“It’s a real privilege to put my hands on someone who is going through cancer … people struggling with it are in a very vulnerable place; and, hopefully, what I can provide for them is a deeply personal experience,” McKeever said. She said an oncology massage is modified to meet the individual needs of a person with cancer, taking into consideration the effects of chemo or radiation, surgeries related to cancer and sensitive pressure points.
   Last year, McKeever said she became certified as a holistic cancer coach. McKeever said one of the most important things to help someone going through cancer is to offer them a sense of connection, to feel heard.
   When people are first diagnosed, they are usually in a panic, bombarded with many emotions and fears, questions — and dread. “As holistic coaches, we don’t try to influence medical decisions at all, that’s between you and the doctor,” McKeever said. “We help you understand the power of holistic treatments to add support to your body while you are going through the medical treatments,” she said. This is the time to learn to do everything you can to take care of yourself; it is not selfish; and women especially have trouble with this, McKeever said.
   She recommended as a helpful website for people with cancer. “The person who started that site had a husband who died of cancer when she was a young mom of two children; and she dedicated the rest of her life to researching how to beat cancer,” McKeever said. To find a knowledgeable oncology massage therapist, visit
   “After 21 years of being cancer free, rather than having six months to live, I still write to my doctor to let him know how I’m doing.”
Ann McKeever, a holistic cancer coach and massage therapist, who lives in Black Forest, also has an office in Black Forest, Innovative Bodywork. Photo by Leslie Sheley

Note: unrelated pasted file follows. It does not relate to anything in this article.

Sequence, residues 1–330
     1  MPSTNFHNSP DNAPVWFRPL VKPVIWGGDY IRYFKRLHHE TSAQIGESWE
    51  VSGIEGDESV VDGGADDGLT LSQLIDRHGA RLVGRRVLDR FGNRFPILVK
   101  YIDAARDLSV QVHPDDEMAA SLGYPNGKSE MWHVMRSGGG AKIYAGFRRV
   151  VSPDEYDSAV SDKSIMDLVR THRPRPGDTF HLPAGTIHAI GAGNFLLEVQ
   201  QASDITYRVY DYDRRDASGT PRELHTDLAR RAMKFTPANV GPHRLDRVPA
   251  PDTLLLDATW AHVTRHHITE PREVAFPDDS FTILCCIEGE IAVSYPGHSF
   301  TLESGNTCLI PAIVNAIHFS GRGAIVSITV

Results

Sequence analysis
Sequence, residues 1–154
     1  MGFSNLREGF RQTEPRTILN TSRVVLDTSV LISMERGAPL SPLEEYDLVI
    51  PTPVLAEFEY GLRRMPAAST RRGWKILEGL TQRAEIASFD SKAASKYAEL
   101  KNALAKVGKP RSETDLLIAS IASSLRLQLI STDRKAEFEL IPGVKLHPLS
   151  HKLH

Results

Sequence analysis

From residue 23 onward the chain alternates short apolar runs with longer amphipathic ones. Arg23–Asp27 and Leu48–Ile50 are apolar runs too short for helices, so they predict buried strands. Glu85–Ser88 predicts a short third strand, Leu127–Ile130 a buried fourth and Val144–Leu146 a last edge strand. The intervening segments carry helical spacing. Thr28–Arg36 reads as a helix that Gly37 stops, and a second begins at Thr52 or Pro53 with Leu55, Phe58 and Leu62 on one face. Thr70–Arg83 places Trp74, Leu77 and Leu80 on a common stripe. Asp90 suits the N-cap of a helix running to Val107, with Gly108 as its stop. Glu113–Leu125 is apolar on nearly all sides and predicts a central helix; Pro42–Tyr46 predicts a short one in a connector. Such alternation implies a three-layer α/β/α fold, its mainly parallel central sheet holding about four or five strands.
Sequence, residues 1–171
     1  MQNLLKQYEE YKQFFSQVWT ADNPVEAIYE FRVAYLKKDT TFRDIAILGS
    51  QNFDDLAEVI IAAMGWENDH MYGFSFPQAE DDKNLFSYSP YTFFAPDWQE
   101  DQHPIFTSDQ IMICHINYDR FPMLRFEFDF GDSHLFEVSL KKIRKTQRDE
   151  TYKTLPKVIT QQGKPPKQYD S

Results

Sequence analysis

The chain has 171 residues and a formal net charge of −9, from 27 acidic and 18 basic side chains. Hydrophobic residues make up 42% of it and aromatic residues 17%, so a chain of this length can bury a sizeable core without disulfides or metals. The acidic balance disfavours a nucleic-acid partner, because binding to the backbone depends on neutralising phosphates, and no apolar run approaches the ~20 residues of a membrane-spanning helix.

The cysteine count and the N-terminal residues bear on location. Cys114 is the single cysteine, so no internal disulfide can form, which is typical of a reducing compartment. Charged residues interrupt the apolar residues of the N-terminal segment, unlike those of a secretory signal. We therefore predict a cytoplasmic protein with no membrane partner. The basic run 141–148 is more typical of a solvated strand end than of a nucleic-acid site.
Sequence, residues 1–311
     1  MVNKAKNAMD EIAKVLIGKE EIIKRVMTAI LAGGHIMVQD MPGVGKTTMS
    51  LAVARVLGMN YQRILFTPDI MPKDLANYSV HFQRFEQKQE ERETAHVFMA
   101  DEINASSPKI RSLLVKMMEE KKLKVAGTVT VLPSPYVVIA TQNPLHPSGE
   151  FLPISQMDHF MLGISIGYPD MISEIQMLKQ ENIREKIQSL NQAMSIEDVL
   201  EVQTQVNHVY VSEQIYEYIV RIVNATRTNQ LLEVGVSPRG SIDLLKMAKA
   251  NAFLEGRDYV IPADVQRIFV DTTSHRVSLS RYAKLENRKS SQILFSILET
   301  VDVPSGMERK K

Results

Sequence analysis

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  Black Forest AARP Chapter 1100 meetings

   President Roy Rozak would like to invite anyone who is interested in participating in community projects and enjoying camaraderie among friends to attend a meeting or join the Black Forest AARP chapter. Call Ray at 719-495-6767 for the details.
   To all our friends at AARP, especially Stanley Beckner, we wish you good health in the new year!
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  No fee senior social

   A monthly informal occasion for seniors is the no-fee event. They meet in the Black Forest Lutheran Church Fellowship Hall at 12455 Black Forest Road in Black Forest.
   Seniors are welcome at the Black Forest AARP and Black Forest Lutheran Church monthly informal gathering, held at the Black Forest Lutheran Church Fellowship Hall at 12455 Black Forest Road. The social is from 1 to 4 p.m. the fourth Wednesday of each month, and all are invited to socialize, play games, work on hobbies or to simply sit and talk about “whatever.” Light refreshments are available. For more information, contact Lavonne at 719-494-1276.
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  Black Forest Women’s Club

   The Black Forest Women’s Club meets every second Thursday at 10 a.m. at the Black Forest Lutheran Church, 12455 Black Forest Road. The next meeting is Jan. 9 and the program is “getting to know you.” Coffee and refreshments will be served at 9:30 a.m. Parking is in the back; use the ramp and go in the first door on the right. Visitors and guests are always welcome. For more information, contact Carol at 719-495-3846.   
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  Forest Bend Farms’ Christmas

   Christmas at Forest Bend Farms includes a fire pit, games, crafts, hayrides, a nativity play, beautiful lighting throughout, roasting marshmallows and much more. Many people attended the old-fashioned Christmas celebration, complements of co-owners Amber and Matt Tanner and Elisa and Patrick Clark. It is their first year in business with the Christmas farm; the season ran from Nov. 29 to Dec. 29.
Patrick and Elisa Tanner and Amber and Matt Clark are co-owners of Forest Bend Farms. This is their first year, bringing an old-fashioned Christmas to Black Forest. They are already thinking about what they can add to the festivities next year.
Cookie decorating, crafts, a gift shop and more housed in the barn drew visitors to the Christmas Forest Bend Farms festivities.Luke Tanner, age 10, of Black Forest and family friend, Lila Gay, age 9, help man the cocoa bar at Forest Bend Farms.